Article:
But seriously, this headwall was about a thousand feet tall, and while patches of rocks were exposed here and there, most of it was covered in about ten feet of snow—plus, it was as vertical as something can be without needing a rope to climb it. (This snow is due to a particularly long, harsh winter in the mountains, and has usually melted off by this time of year.) So, with our crampons strapped to our boots and our ice axes tightly in hand, we began the long ascent up this headwall, scrambling over rocks where we could, and shuffling and stomping cautiously through snow where the rock ended. (The frightening thing about snow is not knowing what’s underneath it– we crossed several snow-covered creeks and boulder fields trusting that the packed snow would support us as it had those before us.) We finally topped this wall and approached our bivy campsite—a gravel patch encircled by a low hedge of rocks to block the wind. After 8 hours of strenuous hiking, this felt to me like the safest, warmest, and driest fortress that ever existed.

Camping at the moraine meant that we still had to climb the headwall up to the lower saddle in the morning. We rose at 3 a.m. and started our trek up this second, even taller snow-covered wall. In the dark. Perhaps one of the most excruciating parts of these headwalls is that they are so steep that even with snow tools you can’t walk straight up them. You are forced to weave diagonally back and forth across, doubling or even tripling the distance and time it takes to reach the top. Crossing these headwalls using crampons and ice axes is an exhausting task; you trudge along, slowly and deliberately matching the footsteps of those who have gone before you (this is called a “boot pack”), and stabbing your ice axe forcefully into the snow every two steps to ensure that you always have a firm grasp on the treacherously slick ground.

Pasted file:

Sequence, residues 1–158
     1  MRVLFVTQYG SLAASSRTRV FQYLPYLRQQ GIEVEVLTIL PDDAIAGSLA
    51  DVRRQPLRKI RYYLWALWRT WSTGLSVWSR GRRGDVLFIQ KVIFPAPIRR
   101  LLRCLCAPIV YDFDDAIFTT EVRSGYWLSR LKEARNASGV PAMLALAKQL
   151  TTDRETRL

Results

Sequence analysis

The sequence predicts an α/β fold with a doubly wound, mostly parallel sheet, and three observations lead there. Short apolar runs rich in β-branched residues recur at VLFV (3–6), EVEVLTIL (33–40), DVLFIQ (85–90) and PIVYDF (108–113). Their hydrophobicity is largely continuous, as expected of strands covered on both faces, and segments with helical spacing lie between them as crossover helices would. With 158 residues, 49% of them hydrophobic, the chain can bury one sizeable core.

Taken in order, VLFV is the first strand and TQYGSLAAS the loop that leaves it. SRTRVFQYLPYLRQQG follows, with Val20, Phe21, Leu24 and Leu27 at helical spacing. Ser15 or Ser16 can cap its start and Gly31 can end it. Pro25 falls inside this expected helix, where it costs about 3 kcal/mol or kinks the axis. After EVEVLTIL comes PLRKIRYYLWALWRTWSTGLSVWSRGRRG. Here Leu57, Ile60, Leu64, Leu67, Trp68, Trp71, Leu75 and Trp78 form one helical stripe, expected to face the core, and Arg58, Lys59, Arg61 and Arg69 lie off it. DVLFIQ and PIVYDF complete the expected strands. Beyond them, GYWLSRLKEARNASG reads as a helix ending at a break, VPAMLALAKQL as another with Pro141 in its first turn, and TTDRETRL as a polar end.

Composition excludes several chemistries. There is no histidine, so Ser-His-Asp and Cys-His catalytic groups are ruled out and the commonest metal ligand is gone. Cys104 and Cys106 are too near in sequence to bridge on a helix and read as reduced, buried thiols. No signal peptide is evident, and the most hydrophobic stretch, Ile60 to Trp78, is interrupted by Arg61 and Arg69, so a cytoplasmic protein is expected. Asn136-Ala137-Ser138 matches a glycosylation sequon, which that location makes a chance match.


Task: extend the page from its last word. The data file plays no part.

This stomp, stomp, stab; stomp, stomp, stab rhythm of hiking in the snow is unbelievably wearing, mentally and physically. Kicking and crunching across the headwall, you know that if your feet fail or the snow gives out you will slide hundreds of feet down the unforgiving wall. If you’re lucky you will be able to plant your axe into the snow on your way down to slow or maybe even stop your swift plunge, but if the ice is too hard or the snow too loose this will do you no good, and you will simply plummet to the bottom of the wall, probably right into a cluster of rocks or perhaps even a frigid creek. With these consequences in mind you continue your stomp, stomp, stab motions ever more cautiously, and try not to look anywhere but at the boot prints in front of you.

In this painstaking way, we reached the lower saddle and saw the headlamps of teams already climbing the expanse of rocks leading to the upper saddle, and we hurriedly followed. When I asked Matt how he knew we were going the right way he confidently replied, “Up is always the right way.” The sun rose to see us scrambling over boulders and rocks on the side of the mountain at about 12,500 feet, and with a couple of other teams nearby heading toward the same route. It was around this time that I was standing in the crook of two large rocks as Matt stood atop them, and I was trying to decide the best way to proceed when we heard the team above us shouting “Rock! Rock!” and then the crashing and banging of a rock fall tumbling down the slope toward us. Matt shouted my name from above and I knew that the rocks were coming directly toward me. The only thing I could do was cram myself into the nearby corner and hope I was small enough and concealed enough that the falling rocks would miss me– which they did, but just barely. I had successfully suppressed my fears and anxieties about all of the dangers we had faced on our ascent up until then, but this was just too much. Our “we’re okay” bubble had burst with this close call and neither of us felt safe enough to continue on- the conditions alone were reason to climb down. The very first rule of climbing is this: If you’re not feeling it, don’t climb it. It may sound superstitious or illogical, but ask any climber and he or she will agree. With something as high-risk as scaling a mountain, if you feel that something is amiss, it probably is. And so, following the rock fall, we decided it would be best to turn back– less than a thousand feet from the summit.